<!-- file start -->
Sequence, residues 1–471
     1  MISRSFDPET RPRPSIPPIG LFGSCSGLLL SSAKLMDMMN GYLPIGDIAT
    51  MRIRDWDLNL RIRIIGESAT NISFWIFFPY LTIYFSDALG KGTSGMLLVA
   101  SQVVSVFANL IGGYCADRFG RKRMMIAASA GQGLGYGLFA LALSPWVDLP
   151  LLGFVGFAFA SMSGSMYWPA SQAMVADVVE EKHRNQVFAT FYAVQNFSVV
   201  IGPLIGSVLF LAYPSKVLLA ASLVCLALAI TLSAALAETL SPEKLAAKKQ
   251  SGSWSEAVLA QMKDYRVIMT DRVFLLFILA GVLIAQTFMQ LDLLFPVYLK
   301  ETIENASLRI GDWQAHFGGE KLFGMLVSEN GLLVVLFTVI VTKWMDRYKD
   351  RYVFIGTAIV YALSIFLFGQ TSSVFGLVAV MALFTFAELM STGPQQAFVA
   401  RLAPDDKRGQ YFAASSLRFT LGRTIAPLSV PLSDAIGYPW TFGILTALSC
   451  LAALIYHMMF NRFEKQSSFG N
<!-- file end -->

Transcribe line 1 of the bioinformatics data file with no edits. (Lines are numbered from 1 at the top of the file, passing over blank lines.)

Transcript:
Sequence, residues 1–471